Some consumers want a large amount of choices, while others prefer “an edited and curated choice,” Woodward says. “They’ll say, ‘They did all the editing and work for me.’”

Technology Catch-Up

Kirkland’s is proceeding with other projects, including growing its use of technology. “We’re playing a bit of catch-up,” Woodward admits. “We have not been as forward on technology as we need to be.

“As I look at our whole industry, retail in general is going through a digital transformation. We have to understand how the customer wants to interact with us,” he says, noting that Kirkland’s is open to customers coming to its stores or shopping via e-commerce.

Recently, the company launched its Buy Online and Pick Up In Store (BOPIS) system where customers can order items via the web and pick them up at its locations. When they do, “They get to see the rest of the store, and many customers want to pick up other things,” he says.

The BOPIS system also provides them with the opportunity of seeing the product they ordered up close before they actually purchase it. “We have it on the floor where you can see it,” he says. “It helps people make a better decision and reduces our return rate.”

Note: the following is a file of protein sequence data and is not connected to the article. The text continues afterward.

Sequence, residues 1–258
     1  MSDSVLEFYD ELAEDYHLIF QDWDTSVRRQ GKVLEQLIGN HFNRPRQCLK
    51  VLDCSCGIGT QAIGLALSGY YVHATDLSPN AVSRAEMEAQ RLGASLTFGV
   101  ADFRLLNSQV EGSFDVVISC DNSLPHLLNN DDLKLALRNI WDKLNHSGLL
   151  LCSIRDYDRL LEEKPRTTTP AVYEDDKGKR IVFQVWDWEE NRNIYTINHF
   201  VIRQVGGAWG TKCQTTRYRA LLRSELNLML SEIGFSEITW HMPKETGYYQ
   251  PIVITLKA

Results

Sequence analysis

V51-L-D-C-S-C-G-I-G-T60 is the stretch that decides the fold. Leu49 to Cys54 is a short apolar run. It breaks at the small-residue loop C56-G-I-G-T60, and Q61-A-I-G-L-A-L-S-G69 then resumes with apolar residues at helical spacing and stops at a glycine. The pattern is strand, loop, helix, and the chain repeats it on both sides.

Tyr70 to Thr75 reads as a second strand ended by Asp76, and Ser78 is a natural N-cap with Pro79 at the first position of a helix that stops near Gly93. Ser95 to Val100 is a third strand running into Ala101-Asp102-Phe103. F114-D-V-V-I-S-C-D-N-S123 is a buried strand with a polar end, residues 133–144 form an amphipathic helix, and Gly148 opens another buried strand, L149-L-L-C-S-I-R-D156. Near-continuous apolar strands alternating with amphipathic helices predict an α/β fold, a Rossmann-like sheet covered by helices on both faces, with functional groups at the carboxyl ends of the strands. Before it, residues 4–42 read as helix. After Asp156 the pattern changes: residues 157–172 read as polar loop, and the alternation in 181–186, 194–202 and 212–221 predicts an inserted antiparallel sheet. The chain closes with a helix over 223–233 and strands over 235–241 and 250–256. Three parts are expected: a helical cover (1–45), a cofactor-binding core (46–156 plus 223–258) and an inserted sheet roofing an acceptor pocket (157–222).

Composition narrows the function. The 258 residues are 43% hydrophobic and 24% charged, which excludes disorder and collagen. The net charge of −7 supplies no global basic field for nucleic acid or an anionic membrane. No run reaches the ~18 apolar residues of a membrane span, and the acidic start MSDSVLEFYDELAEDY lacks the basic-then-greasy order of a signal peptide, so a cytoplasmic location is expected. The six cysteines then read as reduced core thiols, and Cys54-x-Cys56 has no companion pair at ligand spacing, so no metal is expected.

As Kirkland’s adopts more technology, Woodward notes, the company will be careful when selecting what it chooses to implement. “A lot of technology is about knowing the consumer and anticipating their next move,” he says. “We want to make sure any technology we add benefits the consumer.”

Best in Class

Kirkland’s recent steps included increasing the company’s infrastructure with the addition of new distribution centers to make store deliveries more efficient. Previously, “We were a little old fashioned in our infrastructure,” Woodward admits.

Currently, “We’re trying to bring our infrastructure up to the best in class,” he says, adding that the company plans to make more updates in its supply chain to keep it competitive.

Even so, the company currently utilizes a strong inventory management system that ensures its products are in the right place at the right time. “That’s haunted a lot of retailers out there,” he says. “Some may have a more sophisticated system, but ours seems to work.

“We launch new goods pretty effectively on our floor,” he adds. “It all comes in at once, gets set up and makes a big impression.”

Kirkland’s also has a history of staying steps ahead of its competitors in other aspects. For example, “Over the past 20 years, we made decisions to move out of malls,” Woodward says. “We’re mostly in strip centers today.”